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When teachers encounter disruptive or noncompliant students in the classroom, they typically respond by focusing on the negative behavior. However, new research from the University of Missouri found that offering students more positive encouragement not only reduces disruptive classroom behavior, but can improve students’ academic and social outcomes.
“As educators, we often focus on communicating what we don’t want our students to be doing in class, but we have found that just doesn’t work,” said Keith Herman, Curators’ Distinguished Professor in the University of Missouri College of Education. “Instead, we need to be setting clear expectations of what behaviors we do want to be seeing.”
To help teachers provide a nurturing and structured environment for students in the classroom, Herman implemented CHAMPS, a classroom behavior management training intervention, into a St. Louis County school district’s middle school classroom over the course of five years. The intervention resulted in decreased disruptive classroom behavior and student concentration problems. The intervention also improved both completed class work and standardized test scores, as well as increased the amount of time students remained on task with classroom assignments.
“The intervention is based off principles and practices research has shown to be helpful in creating successful classroom management, such as communicating clear expectations to students, giving more positive encouragement compared to negative reprimands and moving around the classroom to monitor student behavior,” Herman said.
One of the coaches that helped implement the intervention was Julia Burke, former assistant superintendent for student services in the Hazelwood School District. She conducted classroom observations to help coach and mentor the teachers receiving the training. She observed that the intervention helped increase student engagement and boosted the teachers’ confidence in their ability to manage disruptive behaviors.
“I have always been committed to removing barriers that prevent student success in schools,” Burke said. “We can positively impact our children and prepare them for the future if we have strong teachers that are equipped not only with knowledge, but with a toolbox of skills and strategies to provide the best instruction possible in a respectful, engaged classroom climate.”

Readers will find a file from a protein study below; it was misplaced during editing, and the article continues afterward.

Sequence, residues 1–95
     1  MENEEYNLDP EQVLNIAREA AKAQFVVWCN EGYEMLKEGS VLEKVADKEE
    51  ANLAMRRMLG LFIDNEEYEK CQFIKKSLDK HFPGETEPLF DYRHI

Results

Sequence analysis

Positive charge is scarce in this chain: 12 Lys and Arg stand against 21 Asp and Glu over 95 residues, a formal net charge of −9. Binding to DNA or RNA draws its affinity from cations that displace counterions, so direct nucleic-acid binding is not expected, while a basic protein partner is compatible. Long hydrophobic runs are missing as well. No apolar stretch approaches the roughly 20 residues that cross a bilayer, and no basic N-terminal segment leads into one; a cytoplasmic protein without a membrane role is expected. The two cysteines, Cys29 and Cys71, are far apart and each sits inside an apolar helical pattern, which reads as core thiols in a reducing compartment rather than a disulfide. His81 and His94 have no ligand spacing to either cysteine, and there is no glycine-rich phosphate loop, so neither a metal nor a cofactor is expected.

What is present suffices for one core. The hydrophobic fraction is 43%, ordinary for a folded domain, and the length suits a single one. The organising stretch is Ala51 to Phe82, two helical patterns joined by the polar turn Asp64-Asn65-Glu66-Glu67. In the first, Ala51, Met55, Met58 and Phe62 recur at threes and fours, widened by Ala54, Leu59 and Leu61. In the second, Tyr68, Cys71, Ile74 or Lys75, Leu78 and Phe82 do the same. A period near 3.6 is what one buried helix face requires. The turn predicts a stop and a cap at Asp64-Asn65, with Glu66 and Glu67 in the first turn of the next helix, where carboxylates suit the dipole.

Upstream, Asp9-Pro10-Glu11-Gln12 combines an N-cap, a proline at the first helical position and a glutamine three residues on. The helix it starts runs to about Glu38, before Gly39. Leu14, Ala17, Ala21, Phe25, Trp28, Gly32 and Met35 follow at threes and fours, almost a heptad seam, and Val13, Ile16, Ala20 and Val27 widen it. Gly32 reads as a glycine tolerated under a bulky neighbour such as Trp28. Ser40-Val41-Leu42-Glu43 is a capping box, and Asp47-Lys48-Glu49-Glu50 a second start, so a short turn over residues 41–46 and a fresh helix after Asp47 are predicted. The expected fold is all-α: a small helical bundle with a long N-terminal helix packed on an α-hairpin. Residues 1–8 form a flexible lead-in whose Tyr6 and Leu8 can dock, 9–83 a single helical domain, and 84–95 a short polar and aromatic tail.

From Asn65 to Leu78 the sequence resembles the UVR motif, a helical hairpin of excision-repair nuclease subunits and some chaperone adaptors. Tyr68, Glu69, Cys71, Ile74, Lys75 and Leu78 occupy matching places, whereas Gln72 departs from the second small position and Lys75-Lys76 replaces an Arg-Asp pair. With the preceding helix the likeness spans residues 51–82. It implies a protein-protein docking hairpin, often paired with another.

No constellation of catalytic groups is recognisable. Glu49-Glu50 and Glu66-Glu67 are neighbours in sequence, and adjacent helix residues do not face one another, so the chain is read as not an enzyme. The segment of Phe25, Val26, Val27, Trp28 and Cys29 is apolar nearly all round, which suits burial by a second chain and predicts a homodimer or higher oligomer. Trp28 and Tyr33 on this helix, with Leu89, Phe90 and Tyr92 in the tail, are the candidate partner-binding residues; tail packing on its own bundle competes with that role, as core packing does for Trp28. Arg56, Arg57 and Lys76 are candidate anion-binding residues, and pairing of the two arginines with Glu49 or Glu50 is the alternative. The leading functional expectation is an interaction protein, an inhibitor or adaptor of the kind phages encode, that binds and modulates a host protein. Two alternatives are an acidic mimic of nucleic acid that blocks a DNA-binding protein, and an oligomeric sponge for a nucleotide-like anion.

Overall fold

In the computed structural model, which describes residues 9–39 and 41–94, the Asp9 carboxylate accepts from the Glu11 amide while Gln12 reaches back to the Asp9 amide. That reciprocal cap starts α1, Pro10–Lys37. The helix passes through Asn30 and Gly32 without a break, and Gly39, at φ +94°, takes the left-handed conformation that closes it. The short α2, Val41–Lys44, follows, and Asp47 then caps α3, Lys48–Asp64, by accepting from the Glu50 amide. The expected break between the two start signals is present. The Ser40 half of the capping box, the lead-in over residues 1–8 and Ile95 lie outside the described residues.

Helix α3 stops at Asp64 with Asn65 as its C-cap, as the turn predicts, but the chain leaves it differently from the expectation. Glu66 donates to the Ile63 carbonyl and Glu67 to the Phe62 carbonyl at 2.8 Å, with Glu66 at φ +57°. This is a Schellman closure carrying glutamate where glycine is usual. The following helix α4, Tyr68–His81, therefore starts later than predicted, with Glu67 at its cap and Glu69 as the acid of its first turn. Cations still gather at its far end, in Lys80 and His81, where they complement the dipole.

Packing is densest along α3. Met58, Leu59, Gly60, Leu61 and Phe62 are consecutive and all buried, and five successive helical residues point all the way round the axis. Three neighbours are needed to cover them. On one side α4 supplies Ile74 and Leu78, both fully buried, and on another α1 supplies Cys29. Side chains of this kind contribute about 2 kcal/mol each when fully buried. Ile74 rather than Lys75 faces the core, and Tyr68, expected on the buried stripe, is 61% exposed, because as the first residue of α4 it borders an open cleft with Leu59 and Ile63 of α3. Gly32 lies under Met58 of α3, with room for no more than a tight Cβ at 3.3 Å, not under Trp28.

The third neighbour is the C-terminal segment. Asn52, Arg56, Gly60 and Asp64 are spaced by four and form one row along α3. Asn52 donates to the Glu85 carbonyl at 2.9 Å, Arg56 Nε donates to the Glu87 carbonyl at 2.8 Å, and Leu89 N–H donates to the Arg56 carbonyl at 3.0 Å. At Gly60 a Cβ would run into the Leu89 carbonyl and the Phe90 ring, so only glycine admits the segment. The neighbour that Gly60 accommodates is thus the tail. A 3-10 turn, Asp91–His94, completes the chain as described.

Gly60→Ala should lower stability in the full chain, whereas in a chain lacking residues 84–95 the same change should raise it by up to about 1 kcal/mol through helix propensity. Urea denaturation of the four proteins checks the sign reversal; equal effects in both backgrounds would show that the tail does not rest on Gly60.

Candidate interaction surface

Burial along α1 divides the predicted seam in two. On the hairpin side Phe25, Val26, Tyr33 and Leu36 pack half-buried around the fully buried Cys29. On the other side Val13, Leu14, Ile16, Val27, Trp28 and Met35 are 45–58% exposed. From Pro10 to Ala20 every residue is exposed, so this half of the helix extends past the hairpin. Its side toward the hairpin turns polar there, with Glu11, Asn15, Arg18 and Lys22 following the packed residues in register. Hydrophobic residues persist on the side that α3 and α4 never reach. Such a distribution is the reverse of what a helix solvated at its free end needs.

As a former special education instructor, Burke emphasized the need to connect with all types of students, regardless of educational background.
“We have a wide variety of student demographics, and we have to meet the needs of all our students,” Burke said. “We can’t just meet the needs of the kids who come in prepared and ready to learn. We also need to connect with the students who may not have had the same opportunities growing up or who might be dealing with other struggles outside the classroom.”
The classroom behavior management intervention ties into Herman’s overall research objective, which is to improve the mental health of children who may be suffering with a variety of issues like stress, anxiety and depression.
“I want to help kids develop a positive view of themselves and see their own value as contributing members of society,” Herman said. “Too often we just think of mental health as sending a kid who may have concerns to a counselor. But even before we get to that point — how can we set these kids up for success so that fewer of them develop these problems that require further intervention in the first place.”
“Can effective classroom behavior management increase student achievement in middle school? Findings from a group randomized trial” was recently published in Journal of Educational Psychology. Funding for the study was provided by US Department of Education.